Deceased music locker gets final knock
MP3Tunes.com coulda tried harder
Michael Robertson has lost a long-running copyright infringement case against his unlicensed cloud music service MP3Tunes. The verdict by the Manhattan federal jury on Wednesday is the third headline-grabbing copyright settlement this week.
Robertson's cloud-based music streamer first launched in the pre-Cambrian era, 2005, and filed for bankruptcy in 2012.
The lawsuit was brought by EMI (subsequently acquired by Universal Music) and it also targeted a companion service run by Robertson, a scraper called Sideload.com.
Robertson's lawyers had argued that when an owner made a song available for promotion on the internet, it meant they surrendered any legal ownership of its control.
In 2011, a District Court threw out this defence, and eventually concluded that while MP3Tunes should enjoy "Safe Harbor" protection under the US Digital Millennium Copyright Act legislation (PDF), it might still be liable for contributory infringement.
Successive landmark legal cases over the past decade have established that "Safe Harbor" doesn't mean the operator can turn a blind eye. Robertson strongly maintained that he had complied with EMI's takedowns, but a jury of ordinary citizens concluded this week that he didn't comply as much as he could and should have.
Robertson now operates a radio scraper called Radio Search Engine.com. Like his previous ventures, it's a lovely idea. But Robertson doesn't reward the creators with a penny.
Earlier this week, Viacom's long-running lawsuit against Google's YouTube monopoly reached another milestone - it continues in district court - with both sides taking some crumbs of comfort.
YouTube was built on copyright infringement, as Google executives knew when they bought it, and an Appeals Court heard that by Google's own survey 75 to 80 per cent of YouTube material is infringing. This week's Appeals Court instalment concluded with an ambiguous ruling that fails to make Safe Harbor liabilities much clearer.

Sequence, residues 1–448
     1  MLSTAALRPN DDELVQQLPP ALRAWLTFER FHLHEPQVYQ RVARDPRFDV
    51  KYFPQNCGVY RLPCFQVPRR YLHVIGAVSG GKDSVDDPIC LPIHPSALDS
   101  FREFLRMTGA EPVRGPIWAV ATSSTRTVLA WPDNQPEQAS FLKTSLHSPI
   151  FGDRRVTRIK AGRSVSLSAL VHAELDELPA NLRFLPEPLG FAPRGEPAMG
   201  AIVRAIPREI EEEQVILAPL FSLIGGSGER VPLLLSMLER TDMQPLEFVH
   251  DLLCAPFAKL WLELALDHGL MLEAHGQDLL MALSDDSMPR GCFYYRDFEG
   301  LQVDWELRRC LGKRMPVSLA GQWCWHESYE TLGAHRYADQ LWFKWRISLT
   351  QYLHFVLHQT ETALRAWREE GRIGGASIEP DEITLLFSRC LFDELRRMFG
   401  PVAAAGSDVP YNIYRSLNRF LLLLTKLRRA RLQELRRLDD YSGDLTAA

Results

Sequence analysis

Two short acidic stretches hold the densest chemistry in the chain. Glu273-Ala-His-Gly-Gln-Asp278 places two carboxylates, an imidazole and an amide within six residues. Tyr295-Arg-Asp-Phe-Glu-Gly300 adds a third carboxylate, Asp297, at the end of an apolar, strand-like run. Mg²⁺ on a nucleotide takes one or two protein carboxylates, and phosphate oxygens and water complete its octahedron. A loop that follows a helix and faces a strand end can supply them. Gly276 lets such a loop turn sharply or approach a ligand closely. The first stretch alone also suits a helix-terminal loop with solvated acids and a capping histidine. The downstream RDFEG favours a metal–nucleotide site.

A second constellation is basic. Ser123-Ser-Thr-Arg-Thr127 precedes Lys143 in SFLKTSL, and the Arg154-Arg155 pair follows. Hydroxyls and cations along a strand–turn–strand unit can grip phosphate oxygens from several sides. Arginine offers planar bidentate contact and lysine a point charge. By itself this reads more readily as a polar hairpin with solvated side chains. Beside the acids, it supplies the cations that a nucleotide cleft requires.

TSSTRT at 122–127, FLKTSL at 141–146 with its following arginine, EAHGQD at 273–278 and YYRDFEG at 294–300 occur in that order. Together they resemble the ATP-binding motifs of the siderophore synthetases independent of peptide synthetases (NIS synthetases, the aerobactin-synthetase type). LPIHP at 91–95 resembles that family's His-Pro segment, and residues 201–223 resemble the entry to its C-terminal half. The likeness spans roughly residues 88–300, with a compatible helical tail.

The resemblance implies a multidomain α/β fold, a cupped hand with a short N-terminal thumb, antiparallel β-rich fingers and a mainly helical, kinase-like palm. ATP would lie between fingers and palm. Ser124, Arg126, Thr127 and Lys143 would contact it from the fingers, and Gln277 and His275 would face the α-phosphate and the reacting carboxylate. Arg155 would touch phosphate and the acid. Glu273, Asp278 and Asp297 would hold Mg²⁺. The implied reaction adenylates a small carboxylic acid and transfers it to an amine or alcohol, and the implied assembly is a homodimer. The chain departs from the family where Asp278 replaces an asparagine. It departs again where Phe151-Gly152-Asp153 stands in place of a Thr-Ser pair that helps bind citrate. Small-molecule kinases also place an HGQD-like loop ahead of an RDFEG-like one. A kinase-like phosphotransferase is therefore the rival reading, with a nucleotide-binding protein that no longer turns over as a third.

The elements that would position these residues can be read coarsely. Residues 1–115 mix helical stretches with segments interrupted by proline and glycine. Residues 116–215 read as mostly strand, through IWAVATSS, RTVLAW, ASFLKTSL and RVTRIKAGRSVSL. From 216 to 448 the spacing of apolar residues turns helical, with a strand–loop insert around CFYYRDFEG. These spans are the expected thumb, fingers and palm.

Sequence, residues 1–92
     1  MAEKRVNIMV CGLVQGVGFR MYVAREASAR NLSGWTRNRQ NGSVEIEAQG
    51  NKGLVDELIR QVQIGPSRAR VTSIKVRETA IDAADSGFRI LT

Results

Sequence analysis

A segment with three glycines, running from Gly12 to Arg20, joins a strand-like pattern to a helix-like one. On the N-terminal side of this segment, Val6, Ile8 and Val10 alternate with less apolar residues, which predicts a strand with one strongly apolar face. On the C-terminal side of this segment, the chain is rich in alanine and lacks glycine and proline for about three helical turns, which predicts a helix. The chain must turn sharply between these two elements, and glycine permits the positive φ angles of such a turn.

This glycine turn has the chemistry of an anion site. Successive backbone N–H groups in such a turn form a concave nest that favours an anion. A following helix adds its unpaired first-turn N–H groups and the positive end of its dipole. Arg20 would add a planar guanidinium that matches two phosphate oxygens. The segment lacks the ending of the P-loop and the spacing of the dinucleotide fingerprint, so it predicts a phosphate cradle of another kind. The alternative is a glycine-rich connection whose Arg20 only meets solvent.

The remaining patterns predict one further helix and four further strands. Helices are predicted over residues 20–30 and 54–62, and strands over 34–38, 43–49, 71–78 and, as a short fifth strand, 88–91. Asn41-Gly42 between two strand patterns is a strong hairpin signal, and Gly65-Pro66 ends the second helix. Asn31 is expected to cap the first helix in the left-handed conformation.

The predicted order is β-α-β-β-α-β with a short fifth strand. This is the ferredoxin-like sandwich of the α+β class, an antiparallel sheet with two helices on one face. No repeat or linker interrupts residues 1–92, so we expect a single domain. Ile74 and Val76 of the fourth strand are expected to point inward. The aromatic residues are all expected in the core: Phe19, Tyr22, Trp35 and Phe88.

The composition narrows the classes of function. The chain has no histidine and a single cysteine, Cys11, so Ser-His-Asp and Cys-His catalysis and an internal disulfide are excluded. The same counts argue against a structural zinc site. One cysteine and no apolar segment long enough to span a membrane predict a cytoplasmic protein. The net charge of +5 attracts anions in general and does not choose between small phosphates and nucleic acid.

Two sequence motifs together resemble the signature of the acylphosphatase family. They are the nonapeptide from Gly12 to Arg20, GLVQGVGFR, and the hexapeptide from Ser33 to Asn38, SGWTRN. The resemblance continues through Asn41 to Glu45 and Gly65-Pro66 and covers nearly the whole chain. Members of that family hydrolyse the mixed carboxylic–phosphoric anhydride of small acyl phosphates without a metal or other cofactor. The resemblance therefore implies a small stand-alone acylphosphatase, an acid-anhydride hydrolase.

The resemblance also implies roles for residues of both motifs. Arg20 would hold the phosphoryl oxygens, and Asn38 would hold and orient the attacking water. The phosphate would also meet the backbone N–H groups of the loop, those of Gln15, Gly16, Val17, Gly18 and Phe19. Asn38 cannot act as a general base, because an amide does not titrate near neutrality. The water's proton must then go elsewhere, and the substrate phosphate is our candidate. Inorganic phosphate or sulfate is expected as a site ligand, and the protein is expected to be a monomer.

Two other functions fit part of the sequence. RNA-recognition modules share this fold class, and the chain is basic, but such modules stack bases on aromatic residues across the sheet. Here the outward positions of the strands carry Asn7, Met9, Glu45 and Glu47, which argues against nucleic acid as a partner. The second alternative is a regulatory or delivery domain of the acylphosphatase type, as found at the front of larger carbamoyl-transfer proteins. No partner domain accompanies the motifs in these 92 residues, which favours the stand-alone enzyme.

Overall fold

Of course, litigation would rarely be necessary if rights-holders and technologists worked together - as they traditionally have done for over a century. Rights-holders want to see new markets created, and technologists want to experiment, knowing that cultural material always draws a paying crowd. They could then have a bonfire of lawyers.
But the reason for the reluctance to partner boils down to the the same seven words that define the Digital Economy: "There isn't enough money in the system". Whether you own a dozen photographs and show them on Flickr, or own a vast "Big Media" empire - the proposition offered by the internet is the same. You want a fair price, not a rip-off.
Today, the only "model" that works is the sharecropping plantation, because of decisions VCs took in the mid-1990s – and only a handful of gigantic aggregators see any profit. It's a race along the bottom.
More money always makes everyone work together. But without more money coming into the system, litigation is set to continue, as tech companies and rights companies argue over the few pennies that are on the table. ®